Netanyahu meets with committee on compensating minorities for nation-state law
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Netanyahu meets with committee on compensating minorities for nation-state law

At ministerial panel, Netanyahu wants to focus on improving housing, employment for Druze, Circassian communities

Prime Minister Benjamin Netanyahu chairs a meeting to address Druze concerns in the wake of the nation-state law, on August 6, 2018. (Amos Ben-Gershom, GPO)
Prime Minister Benjamin Netanyahu chairs a meeting to address Druze concerns in the wake of the nation-state law, on August 6, 2018. (Amos Ben-Gershom, GPO)

Prime Minister Benjamin Netanyahu convened the second meeting of a ministerial committee established to deal with Druze and Circassian objections to the Jewish nation-state law on Monday, his office said.

Rather than suggesting changes to the law that the minority groups say disenfranchises them, the committee focused on ways to strengthen and help those communities.

The ministers discussed how best to advance existing legislation, including a development plan for “strengthening the Druze and Circassian towns and villages,” a statement from his office said.

Netanyahu, who heads the committee, instructed the director general of the Prime Minister’s Office to meet with heads of the Druze and Circassian communities and to focus especially on issues of housing and employment.

The meeting once again took place during the Knesset’s summer recess, when much of the country is on vacation.

During last week’s meeting, it was agreed that legislation will be advanced to clarify the equal status of the minorities despite the summer recess, and that it will passed into law during the coming winter session, Hadashot TV news reported. The planned legislation will also define the status of minority community members who serve in the armed forces.

“It is important to make the right decisions, and not reckless ones,” Netanyahu told the ministers. “We worked on the Jewish nation-state law for eight years. I am not saying that we will work on this for another eight years, but it will also not be eight days.”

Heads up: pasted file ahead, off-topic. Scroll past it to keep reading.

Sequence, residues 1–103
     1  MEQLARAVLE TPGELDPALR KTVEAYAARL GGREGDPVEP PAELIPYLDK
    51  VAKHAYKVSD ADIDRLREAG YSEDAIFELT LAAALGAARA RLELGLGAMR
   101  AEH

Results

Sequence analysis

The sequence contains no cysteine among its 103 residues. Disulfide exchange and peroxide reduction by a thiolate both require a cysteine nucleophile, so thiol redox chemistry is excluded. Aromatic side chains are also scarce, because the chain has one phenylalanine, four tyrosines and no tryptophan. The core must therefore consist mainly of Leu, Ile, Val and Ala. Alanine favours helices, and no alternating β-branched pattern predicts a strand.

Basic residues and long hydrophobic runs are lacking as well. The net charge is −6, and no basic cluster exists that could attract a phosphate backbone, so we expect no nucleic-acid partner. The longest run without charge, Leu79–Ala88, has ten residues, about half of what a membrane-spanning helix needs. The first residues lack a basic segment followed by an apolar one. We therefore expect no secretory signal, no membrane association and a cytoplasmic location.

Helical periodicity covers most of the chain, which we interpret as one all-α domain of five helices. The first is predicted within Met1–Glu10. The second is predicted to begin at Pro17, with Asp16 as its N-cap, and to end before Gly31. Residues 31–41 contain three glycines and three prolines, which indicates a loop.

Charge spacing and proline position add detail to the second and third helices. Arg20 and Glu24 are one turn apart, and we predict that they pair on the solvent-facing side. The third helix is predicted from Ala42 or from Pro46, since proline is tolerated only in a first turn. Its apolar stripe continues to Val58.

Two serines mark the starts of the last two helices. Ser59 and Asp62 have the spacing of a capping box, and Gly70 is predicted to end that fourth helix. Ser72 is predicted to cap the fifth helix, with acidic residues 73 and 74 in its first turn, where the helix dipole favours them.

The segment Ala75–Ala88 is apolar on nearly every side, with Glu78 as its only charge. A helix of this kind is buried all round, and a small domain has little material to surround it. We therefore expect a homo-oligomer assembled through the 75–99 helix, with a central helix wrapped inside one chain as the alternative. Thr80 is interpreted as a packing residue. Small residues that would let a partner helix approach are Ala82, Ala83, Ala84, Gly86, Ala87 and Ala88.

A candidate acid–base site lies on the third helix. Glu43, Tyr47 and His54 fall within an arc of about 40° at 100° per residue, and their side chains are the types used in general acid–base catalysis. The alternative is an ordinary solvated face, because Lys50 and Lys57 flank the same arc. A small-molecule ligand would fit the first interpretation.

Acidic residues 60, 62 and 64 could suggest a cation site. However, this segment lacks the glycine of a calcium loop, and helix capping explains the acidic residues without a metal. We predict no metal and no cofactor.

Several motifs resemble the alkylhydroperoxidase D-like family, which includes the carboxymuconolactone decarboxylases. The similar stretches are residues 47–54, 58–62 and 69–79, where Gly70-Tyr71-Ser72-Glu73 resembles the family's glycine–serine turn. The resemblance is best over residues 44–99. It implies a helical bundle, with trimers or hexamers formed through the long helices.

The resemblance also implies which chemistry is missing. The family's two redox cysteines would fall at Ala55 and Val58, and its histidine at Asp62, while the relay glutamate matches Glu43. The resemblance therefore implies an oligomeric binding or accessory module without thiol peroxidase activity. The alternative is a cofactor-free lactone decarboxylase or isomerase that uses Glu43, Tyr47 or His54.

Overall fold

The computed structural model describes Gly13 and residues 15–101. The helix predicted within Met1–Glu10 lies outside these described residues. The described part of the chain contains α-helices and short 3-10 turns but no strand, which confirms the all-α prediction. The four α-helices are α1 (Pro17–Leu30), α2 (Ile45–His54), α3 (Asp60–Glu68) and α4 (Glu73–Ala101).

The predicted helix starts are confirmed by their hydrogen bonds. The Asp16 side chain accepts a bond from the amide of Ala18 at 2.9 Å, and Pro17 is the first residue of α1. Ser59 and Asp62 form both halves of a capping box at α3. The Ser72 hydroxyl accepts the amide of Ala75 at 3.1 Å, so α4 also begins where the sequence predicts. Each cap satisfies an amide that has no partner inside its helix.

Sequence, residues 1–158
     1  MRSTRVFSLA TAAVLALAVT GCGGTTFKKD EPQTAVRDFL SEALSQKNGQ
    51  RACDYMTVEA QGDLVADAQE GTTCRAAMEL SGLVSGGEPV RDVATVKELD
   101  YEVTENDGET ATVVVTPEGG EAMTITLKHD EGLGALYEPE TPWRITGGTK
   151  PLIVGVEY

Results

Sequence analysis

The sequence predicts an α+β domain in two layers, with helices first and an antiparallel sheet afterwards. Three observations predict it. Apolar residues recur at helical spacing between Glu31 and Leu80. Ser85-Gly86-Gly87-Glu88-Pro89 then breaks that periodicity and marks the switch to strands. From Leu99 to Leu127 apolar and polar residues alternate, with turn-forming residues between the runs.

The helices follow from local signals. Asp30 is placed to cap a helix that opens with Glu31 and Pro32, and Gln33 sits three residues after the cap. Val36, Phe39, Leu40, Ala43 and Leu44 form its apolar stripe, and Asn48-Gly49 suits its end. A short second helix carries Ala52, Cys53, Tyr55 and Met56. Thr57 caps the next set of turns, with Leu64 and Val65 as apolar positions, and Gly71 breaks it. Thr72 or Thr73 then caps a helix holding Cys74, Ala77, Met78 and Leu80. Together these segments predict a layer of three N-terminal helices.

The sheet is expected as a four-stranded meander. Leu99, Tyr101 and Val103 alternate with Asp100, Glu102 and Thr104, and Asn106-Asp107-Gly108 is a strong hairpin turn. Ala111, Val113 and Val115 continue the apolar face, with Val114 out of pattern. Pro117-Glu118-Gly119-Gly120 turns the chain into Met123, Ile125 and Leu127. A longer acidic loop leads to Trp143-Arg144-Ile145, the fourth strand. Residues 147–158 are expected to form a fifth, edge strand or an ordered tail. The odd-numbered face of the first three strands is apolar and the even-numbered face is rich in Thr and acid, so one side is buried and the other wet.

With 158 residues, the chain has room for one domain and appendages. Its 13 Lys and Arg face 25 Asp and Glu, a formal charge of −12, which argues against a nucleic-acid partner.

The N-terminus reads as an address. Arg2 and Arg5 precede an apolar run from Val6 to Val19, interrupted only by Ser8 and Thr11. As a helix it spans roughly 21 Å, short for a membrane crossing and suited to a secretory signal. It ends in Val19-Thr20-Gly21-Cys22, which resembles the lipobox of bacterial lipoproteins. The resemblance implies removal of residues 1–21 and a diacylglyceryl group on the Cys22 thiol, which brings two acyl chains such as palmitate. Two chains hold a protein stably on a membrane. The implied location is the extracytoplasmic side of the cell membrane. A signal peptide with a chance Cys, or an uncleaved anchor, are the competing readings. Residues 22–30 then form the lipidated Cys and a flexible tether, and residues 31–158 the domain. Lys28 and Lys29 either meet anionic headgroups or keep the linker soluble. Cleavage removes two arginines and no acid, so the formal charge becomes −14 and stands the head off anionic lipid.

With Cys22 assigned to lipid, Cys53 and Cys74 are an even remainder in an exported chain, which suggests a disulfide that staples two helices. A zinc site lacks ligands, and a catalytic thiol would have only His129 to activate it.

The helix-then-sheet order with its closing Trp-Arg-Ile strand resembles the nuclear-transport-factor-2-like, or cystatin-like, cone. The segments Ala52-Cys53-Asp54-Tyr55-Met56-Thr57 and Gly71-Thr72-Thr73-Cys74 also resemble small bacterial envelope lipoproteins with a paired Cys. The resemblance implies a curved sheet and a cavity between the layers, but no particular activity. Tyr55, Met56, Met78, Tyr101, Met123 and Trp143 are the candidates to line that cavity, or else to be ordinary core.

Israeli Druze spiritual leader Sheikh Muafak Tarif arrives at a rally where members of his community and their supporters demonstrated during a rally to protest against the Jewish nation-state law in Tel Aviv on August 4, 2018. (AFP PHOTO / JACK GUEZ)

The nation-state law passed by the Knesset on July 19 as one of the country’s basic laws enshrines Israel as “the national home of the Jewish people” for the first time, but critics say it undermines the constitution’s commitment to equality for all its citizens.

Members of Israel’s Druze community serve in the Israeli army and have expressed particular outrage at the law’s provisions, saying it renders them second-class citizens.

Before last week’s meeting began, the head of the Druze community sent a message, saying, “We continue to request and demand from the prime minister to set the legal status of the Druze community, which will ensure full equal rights and equal citizenship in the spirit of the Declaration of Independence,” Haaretz reported.

The Netanyahu government says the new nation-state law merely enshrines the country’s existing character, and that Israel’s democratic nature and provisions for equality are anchored in existing legislation. It has resisted calls to amend or scrap the law and instead have insisted on passing new legislation meant to address the concerns of the Druze.

An estimated 50,000-plus people, waving Israeli and Druze flags and calling for equality, gathered at Tel Aviv’s Rabin Square on Saturday night to demonstrate against the bill.

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